gomme / gum = a sugar syrup with gum arabic as an emulsifier used in many classic cocktails. “You’ll get your death-a-cold if you stand round soaked like that. Two whiskey and gum, Joe.” Frank Norris, McTeague.

Gibbous moon
Gorham Silver = a manufacturer of sterling and silverplate, founded in Providence, Rhode Island in 1831. “This evening she went so far as to make tea for two, laying an extra place on the other side of her little tea-table, setting out a cup and saucer and one of the Gorham silver spoons.” Frank Norris, McTeague.

grayling = a silvery-gray fresh water fish with horizontal violet stripes and a long, high dorsal fin. “The grayling aleap in the river, The bighorn asleep on the hill.” Robert W. Service, The Spell of the Yukon.

Arctic grayling
hit the ties = to walk along the railway tracks. “It lies with thee—the choice is thine, is thine, To hit the ties or drive thy auto-car.” Robert W. Service, The Spell of the Yukon.

Kiralfy = a ballet company in San Francisco. “The former occupant had papered the walls with newspapers and had pasted up figures cut out from the posters of some Kiralfy ballet, very gaudy.” Frank Norris, McTeague.

lightning artist = an artist-entertainer who sketches subjects very rapidly. “A lightning artist appeared, drawing caricatures and portraits with incredible swiftness.” Frank Norris, McTeague.

Mastiff = a plug cut tobacco sold by the J. B. Pace Tobacco Company of Richmond, Virginia. “Trina had made him come down to ‘Mastiff,’ a five-cent tobacco with which he was once contented, but now abhorred.” Frank Norris, McTeague.

monopole = the French term for a vineyard that is wholly owned by one person or company. “‘I really think it’s champagne,’ said Old Grannis in a whisper. So it was. A full case of Monopole.” Frank Norris, McTeague.

mulct = to swindle. “He turned to a Peterborough, for which McPherson had just mulcted him of thrice its value.” Jack London, A Daughter of the Snows.

neck and crop = completely and violently. “Till the moon set the pearly peaks gleaming, And the stars tumbled out, neck and crop.” Robert W. Service, The Spell of the Yukon.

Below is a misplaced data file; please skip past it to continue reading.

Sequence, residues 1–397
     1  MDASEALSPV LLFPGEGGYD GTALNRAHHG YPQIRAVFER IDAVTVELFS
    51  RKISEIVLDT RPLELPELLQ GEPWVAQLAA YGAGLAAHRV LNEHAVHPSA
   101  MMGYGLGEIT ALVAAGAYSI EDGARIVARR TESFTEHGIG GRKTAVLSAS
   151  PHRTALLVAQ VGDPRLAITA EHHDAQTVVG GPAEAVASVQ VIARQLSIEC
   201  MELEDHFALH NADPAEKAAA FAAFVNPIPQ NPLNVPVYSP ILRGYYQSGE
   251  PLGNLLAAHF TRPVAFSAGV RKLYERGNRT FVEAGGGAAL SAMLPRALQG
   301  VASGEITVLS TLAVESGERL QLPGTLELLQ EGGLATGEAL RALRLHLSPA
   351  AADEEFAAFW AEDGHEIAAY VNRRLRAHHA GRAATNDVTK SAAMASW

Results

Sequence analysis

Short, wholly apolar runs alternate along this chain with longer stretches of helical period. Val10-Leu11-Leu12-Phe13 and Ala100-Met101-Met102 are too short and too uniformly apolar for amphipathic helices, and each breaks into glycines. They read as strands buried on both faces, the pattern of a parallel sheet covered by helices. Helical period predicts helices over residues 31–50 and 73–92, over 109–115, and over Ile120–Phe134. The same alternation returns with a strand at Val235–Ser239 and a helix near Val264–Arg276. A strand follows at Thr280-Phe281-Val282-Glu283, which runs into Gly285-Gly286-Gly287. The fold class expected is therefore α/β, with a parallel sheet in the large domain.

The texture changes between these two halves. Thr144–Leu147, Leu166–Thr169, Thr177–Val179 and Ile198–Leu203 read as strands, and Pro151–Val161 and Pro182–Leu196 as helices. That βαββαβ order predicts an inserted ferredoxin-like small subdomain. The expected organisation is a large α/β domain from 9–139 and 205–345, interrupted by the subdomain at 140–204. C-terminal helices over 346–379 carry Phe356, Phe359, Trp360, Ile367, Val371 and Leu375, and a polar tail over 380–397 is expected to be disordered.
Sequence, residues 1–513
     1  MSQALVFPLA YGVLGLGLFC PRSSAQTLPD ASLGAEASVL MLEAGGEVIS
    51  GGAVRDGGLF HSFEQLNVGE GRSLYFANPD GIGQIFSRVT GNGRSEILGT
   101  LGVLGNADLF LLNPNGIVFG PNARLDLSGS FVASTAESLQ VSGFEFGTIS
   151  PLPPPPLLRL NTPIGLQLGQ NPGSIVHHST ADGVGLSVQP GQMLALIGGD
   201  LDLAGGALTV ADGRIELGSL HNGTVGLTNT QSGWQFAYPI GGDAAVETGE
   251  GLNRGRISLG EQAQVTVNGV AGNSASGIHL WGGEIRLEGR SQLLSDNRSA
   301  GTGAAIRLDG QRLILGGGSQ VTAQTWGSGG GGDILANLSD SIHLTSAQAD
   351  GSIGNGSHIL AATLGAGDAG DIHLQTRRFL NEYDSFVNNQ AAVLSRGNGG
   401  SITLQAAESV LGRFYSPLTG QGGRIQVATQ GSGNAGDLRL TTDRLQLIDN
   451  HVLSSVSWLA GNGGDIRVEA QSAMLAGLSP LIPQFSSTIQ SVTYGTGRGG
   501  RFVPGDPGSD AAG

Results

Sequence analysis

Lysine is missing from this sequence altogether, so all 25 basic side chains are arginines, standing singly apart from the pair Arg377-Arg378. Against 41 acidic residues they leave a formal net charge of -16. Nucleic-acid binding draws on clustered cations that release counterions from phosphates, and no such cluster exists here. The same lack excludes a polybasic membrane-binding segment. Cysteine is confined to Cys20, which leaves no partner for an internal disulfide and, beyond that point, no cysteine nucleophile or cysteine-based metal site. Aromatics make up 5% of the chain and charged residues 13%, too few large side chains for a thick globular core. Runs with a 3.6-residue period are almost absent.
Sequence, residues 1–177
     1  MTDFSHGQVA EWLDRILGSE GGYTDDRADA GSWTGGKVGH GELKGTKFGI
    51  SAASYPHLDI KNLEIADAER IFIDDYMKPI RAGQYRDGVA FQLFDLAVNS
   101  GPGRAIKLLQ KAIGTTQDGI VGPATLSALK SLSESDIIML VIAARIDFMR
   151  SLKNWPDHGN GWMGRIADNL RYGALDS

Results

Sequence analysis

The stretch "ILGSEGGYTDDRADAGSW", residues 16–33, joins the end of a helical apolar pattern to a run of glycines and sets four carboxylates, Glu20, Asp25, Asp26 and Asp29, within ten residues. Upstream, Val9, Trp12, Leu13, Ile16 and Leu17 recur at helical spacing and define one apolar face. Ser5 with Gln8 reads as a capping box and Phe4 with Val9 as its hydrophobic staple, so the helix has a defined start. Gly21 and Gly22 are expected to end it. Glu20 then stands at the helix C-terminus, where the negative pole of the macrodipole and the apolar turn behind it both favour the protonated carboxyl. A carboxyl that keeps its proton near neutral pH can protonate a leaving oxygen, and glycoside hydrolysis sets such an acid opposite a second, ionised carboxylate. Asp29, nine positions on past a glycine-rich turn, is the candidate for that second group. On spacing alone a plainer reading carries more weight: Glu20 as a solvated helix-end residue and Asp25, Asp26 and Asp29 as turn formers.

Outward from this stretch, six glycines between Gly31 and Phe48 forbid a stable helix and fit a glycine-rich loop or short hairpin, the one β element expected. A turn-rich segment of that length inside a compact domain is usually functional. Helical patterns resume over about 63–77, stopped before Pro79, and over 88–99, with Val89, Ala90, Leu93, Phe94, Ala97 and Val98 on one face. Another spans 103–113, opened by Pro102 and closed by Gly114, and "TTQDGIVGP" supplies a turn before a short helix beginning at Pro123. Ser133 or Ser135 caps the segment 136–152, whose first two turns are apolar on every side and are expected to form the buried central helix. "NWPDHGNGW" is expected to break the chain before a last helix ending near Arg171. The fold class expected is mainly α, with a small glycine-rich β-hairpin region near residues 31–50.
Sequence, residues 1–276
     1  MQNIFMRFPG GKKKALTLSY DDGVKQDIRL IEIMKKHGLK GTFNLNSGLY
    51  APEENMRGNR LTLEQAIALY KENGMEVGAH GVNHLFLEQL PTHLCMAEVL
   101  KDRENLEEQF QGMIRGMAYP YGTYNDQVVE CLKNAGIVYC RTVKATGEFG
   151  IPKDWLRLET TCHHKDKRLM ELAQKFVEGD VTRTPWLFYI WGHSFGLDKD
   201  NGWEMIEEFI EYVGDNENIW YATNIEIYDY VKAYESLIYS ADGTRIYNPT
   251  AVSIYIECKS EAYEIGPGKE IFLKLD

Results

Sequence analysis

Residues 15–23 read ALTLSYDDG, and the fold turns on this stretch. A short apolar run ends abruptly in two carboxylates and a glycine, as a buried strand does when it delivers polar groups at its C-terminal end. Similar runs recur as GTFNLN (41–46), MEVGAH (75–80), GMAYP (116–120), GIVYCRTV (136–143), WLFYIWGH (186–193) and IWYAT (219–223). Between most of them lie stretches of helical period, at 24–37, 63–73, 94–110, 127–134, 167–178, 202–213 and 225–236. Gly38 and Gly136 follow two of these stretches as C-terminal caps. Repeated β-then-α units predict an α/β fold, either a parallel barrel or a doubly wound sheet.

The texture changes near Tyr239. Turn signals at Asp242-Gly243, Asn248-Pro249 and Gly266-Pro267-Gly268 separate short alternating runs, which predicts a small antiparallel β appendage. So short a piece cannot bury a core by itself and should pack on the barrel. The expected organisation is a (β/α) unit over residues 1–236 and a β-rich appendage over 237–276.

nip = of ice, to squeeze or crush the sides of a vessel. “La Bijou skirted a pivoting floe, darted into a nipping channel, and shot out into the open with the walls grinding together behind.” Jack London, A Daughter of the Snows.

pinchbeck = an alloy of copper and zinc resembling gold, used in watchmaking and costume jewelry. “Then he got together his small belongings—an old campaign hat, a pair of boots, a tin of tobacco, and a pinchbeck bracelet which he had found one Sunday in the Park.” Frank Norris, McTeague.

Piquet deck
piquet = a trick-taking card game for two players, using a 32-card deck consisting of cards from seven to the ace. “He never joined any of the groups of piquet players around the tables.” Frank Norris, McTeague.

pony = a small drinking glass, or the liquid contained in it. “As often as he had a moment to spare he went down the street to the nearest saloon and drank a pony of whiskey.” Frank Norris, McTeague.

Queen Charlotte = a wine cooler made of claret or burgundy, raspberry syrup, lime or lemon juice, and lemon soda. “Mrs. Sieppe and Trina had Queen Charlottes, McTeague drank a glass of beer, Owgooste ate the orange and one of the bananas.” Frank Norris, McTeague.

rep = a fabric with a ribbed surface used in curtains and upholstery. “It represented Trina, her veil thrown back, sitting very straight in a rep armchair.” Frank Norris, McTeague.

rush = to court. “Marcus had ‘taken up with’ Selina a little after Trina had married, and had been ‘rushing’ her ever since.” Frank Norris, McTeague.

school = a group of gamblers. “Play up, School, and play the game.” Robert W. Service, The Spell of the Yukon.

skirt dance = a ballet dance popular in the 19th century distinguished by the dancer’s manipulations of her long flowing and varicolored skirts or drapery. “This was to be followed by ‘The Lamont Sisters, Winnie and Violet, serio-comiques and skirt dancers.’” Frank Norris, McTeague.